Politicians often ponder welfare reforms, in order to make the system more fit-for-purpose. However, the policy of means testing has received very little in the way of scrutiny.

At face value, means testing makes sense, ensuring that people who receive money from the state actually need it. Yet, in reality, it has led to a complex system, which is difficult and expensive to administrate and which stigmatises those who depend on it.

One increasingly popular alternative is the idea of a Citizen's Income, which is essentially a payment made as a basic right.

All legal UK citizens would be entitled to it, regardless of their wealth, employment status or desire to work. Jobseeker's allowance, state pensions, child benefit and income support would be scrapped.

It may seem a bit 'out there', but the idea has support from politicians, economists and political scientists alike, including Natalie Bennett, John McDonnell, Guy Standing and Carole Pateman.

The Green Party have even made it official policy. Under their proposals, most UK adults would receive £70 per week, pensioners more, and disability and housing benefits would be paid on top.

So, aside from the working population getting £70 extra, what are the advantages?

A major plus point would be removing the stigma associated with claiming benefits, as everyone would receive the money.

Implementation would also eliminate poverty traps, where people can find themselves better off out of work. Instead, everyone would be protected from poverty, but those who work will always be better off.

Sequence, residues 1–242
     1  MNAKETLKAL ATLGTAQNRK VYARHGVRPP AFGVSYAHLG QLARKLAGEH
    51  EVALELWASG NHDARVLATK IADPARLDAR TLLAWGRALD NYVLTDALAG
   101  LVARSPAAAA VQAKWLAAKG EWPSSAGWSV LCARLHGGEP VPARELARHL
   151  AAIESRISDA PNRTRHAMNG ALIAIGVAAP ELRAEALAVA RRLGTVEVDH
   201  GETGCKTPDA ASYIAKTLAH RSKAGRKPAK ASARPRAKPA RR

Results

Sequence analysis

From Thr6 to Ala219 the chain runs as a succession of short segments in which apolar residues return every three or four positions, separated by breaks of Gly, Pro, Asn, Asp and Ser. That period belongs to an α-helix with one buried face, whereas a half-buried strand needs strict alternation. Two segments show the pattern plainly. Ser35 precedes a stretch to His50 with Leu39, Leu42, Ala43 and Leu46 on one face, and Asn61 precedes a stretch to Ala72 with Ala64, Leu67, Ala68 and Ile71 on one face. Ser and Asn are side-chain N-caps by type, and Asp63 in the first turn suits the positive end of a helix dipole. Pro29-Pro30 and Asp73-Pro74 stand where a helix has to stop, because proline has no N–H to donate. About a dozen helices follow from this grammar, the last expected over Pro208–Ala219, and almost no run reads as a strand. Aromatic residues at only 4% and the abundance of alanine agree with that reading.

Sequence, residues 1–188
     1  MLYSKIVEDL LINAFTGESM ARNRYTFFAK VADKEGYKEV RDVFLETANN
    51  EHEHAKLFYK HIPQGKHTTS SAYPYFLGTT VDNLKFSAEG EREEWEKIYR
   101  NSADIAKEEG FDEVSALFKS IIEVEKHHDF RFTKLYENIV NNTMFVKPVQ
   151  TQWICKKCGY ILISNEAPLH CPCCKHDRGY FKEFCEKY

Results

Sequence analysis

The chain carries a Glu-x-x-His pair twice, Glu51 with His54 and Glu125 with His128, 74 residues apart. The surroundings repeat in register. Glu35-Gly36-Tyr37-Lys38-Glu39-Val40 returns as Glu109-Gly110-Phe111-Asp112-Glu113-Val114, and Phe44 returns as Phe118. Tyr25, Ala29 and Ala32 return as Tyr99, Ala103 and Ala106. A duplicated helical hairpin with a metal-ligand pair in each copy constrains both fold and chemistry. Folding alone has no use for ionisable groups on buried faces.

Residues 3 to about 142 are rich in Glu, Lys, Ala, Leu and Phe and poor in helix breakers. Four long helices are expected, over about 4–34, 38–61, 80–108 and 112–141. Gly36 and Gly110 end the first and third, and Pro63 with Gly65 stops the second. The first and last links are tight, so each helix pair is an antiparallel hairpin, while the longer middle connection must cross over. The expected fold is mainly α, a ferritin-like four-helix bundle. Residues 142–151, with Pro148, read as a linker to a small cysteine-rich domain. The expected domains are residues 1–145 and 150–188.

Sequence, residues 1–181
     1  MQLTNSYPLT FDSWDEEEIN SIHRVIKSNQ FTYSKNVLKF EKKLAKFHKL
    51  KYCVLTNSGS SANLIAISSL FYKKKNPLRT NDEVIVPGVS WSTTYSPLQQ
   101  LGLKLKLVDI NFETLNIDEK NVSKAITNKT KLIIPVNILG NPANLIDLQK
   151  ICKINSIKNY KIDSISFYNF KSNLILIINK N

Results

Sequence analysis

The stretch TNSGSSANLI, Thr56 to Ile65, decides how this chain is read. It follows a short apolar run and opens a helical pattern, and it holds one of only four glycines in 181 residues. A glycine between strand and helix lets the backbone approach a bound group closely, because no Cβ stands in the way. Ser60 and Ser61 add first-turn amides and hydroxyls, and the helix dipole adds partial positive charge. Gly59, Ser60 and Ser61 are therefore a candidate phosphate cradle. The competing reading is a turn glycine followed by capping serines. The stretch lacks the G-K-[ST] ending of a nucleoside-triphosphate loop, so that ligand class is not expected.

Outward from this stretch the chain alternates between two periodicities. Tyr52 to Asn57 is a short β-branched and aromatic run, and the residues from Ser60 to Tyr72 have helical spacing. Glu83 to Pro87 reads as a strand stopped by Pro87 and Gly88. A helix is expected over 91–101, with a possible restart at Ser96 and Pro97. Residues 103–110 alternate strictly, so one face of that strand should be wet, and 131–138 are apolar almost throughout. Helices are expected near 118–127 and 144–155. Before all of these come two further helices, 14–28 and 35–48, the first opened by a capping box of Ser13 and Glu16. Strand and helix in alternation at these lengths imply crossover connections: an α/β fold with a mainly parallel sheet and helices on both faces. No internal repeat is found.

Additionally, a Citizen's Income would act as a safety net, allowing people to change careers without fear that failure could leave them broke.

It would enable people to seek paid or voluntary work which satisfies them, which could have benefits both in terms of productivity and mental health. Meanwhile, the increase in voluntary work would benefit the wider community.

Finally, it would eliminate benefit fraud and means testing, reducing administration costs.

Some critics have argued that it would lead to a work shy population, although evidence from pilot schemes, including a limited trial in Canada, contradicts this.

Of course, the idea does have problems. Not least, the cost.

According to the one estimate, it would cost around £275bn to implement - considerably more than the current welfare budget.

It has been suggested that the extra money could come from the reduced admin costs, increased taxation of the wealthy and a crackdown on tax avoidance, although those figures would require further evaluation.

Some have also expressed concerns that it would effectively subsidise employers, allowing them to reduce wages across the board.

Moreover, there appears to be no obvious solution to the additional need for disability and housing benefits.

Nonetheless, the idea of a basic income is becoming more popular and may just be the reform needed for a benefits system which is expensive to administrate and causing social problems as well.